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If you search for "check c# version", the answer at the bottom with 4 downvotes is displayed as featured answer. That's ridiculous.

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    Is that something SO has any control over? – BSMP Jun 6 '16 at 16:01
  • I assume so. Kind of SEO work in it? – Jude Jun 6 '16 at 16:01
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    We have 0 control over this. Afaik Google likes to select lists from the page because it likes displaying step-by-step instructions in those blurbs, and lists commonly contain those. – animuson Jun 6 '16 at 16:04
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    We'll get it deleted. Whether that wises-up Google is unclear, we'll see. – Hans Passant Jun 6 '16 at 16:12
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  • @HansPassant I think that Google is wise enough already in that they ignore our votes – gnat Jun 22 '16 at 22:39
  • @gnat - turns out that Google actually did update their blob, it is now quoting the "is somewhat harder" answer. No ignoring going on there. – Hans Passant Jun 22 '16 at 22:48
  • @HansPassant I doubt that their tweak will be able for longer-term handling of out growing "trouble with popularity". To do it right they would have to access question timeline and account only for "organic" votes - that is, ignore those cast in first week (better month) after question was posted, this is probably too complicated for them to bother – gnat Jun 22 '16 at 22:57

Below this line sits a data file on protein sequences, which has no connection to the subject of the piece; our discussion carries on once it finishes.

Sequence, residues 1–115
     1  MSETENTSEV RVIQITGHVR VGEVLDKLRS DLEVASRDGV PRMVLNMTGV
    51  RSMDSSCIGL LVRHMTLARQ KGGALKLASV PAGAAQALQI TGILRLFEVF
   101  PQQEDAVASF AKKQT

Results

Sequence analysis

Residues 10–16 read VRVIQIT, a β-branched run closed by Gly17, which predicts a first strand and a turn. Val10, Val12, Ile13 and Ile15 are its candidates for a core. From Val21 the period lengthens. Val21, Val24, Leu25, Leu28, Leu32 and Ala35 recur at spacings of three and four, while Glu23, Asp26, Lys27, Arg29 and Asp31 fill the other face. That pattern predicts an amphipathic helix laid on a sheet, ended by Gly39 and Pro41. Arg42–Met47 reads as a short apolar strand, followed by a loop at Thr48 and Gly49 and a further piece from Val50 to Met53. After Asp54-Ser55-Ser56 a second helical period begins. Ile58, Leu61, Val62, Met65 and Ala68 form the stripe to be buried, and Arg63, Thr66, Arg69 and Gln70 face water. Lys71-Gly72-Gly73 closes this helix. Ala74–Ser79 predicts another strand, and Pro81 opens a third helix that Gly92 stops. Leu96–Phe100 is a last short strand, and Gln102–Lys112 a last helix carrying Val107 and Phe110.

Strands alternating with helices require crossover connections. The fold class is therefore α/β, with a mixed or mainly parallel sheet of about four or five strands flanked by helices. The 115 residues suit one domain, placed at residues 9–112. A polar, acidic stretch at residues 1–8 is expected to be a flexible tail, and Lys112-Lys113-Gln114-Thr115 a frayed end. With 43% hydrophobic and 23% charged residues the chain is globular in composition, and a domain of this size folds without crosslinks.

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I wasn't going to go out on a limb but since a there was a note...

We have 0 control over this

...I would like to address that.

It's rather the opposite: Google has 0 control over this.

Google can't impact the way how we vote, and the way how we vote seems to be unfortunately getting further and further away from being relevant to content quality and more reflects popularity: Why are so many useless questions ranked highly, and vice versa?

Stack Exchange management is probably happy with the way how our voting works now, with the way how it emphasizes popular stuff and brings more and more views and cool site visits stats.

But I from my side am also happy with the fact that Google ignores popularity factors in their search results. Because if they wouldn't, my programming searches would probably be polluted with "wildly popular" (and useless) Reddit threads.

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    I would like to stress that harm is done by artificial popularity and that organic one works really well. If you think of it, using votes to reasonably promote the question could make fantastic results, it's indiscriminate, overused advertising that breaks things... – gnat Jun 24 '16 at 10:22
  • ...say, you pick potentially interesting post, advertise it to 100 (200, 300...) more readers then leave it alone. This way it gets good amount of initial feedback and is brought to attention of subject matter experts who do the rest of the work: either tame unjustified enthusiasm with votes down and close or further promote / share it if it's really worthy. This would result in properly "amplified", clean signal - just the right kind for Google. But if instead you mindlessly advertise this post to 1K (2K, 3K...) more readers you will only get unmanageable, useless snowball - flash in the pan – gnat Jun 24 '16 at 10:24

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